• Development of new national and local disability organisations in the fields of sports, the arts, young people and access (1980s – )
  • First programme in Wales to train disabled people to become Disability Equality Trainers (1992)
  • Providing advice to over 2000 disabled people about establishing their own business through the Enter DW Project (2001-8)
  • High profile campaigns on Access to the High Street, Disability Hate Crime, Independent Living and Welfare Reform (2008- )
  • Leadership role in Coalition on Charging Cymru (2000 -) actively contributed to development of Social Care Charging Measure 2011
  • Successfully campaigned for the introduction of Welsh Government’s Framework for Action on Independent Living (2013)
  • Active engagement in development of the Social Services and Wellbeing (Wales) Act (2014)
  • A partner in the world’s first research programme led by disabled people (Disability Research in Independent Living and Learning (DRILL) (2015 to date)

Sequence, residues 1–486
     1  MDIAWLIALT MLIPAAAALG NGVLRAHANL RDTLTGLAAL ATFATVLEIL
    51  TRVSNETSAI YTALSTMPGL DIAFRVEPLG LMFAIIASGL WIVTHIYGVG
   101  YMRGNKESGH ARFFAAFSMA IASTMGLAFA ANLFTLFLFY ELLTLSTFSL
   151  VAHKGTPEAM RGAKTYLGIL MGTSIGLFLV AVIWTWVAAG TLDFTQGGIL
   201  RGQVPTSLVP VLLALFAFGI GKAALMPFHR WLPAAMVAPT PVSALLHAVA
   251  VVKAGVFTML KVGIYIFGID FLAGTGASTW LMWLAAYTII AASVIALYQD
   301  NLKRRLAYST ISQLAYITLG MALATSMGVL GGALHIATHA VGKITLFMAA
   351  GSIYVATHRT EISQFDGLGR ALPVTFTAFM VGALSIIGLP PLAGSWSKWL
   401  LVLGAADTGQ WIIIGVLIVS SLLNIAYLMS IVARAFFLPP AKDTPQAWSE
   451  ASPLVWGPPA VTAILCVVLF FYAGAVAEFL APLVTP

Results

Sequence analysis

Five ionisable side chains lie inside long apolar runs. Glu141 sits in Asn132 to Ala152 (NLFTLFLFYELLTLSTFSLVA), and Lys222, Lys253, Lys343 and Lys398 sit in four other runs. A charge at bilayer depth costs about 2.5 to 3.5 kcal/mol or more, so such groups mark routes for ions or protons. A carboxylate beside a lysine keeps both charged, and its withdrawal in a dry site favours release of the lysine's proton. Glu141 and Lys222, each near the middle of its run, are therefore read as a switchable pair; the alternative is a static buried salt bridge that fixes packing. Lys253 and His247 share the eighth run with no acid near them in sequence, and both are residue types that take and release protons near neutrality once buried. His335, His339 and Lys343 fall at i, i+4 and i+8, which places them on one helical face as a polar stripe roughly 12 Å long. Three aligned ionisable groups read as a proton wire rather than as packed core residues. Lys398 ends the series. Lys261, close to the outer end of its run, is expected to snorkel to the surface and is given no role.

• Establishment of the first user-led co-operative in the UK run by and for Direct Payments recipients (2017)
  • Representation of Disabled People from Wales at the United Nations in Geneva at the first examination of the UK Government regarding the UN Convention on the Rights of Disabled People (2017)
  • Distributing COVID-19 Emergency Grants to 9 Disabled People’s Organisations across Wales on behalf of the National Emergencies Trust and Welsh Government (2020)
  • Successfully lobbying Welsh Government for and receiving funding to set up the Access to Elected Office Fund in Wales to assist disabled people standing for elected office in the Sened and local government elections (2021)


Vital to Disability Wales’ success over forty-five years is the role and support of our membership, enabling us to speak to Government authoritatively on the everyday experiences of disabled people with the purpose of informing and influencing policy. To add your voice to ours, or to find out more about our work, explore our website and contact us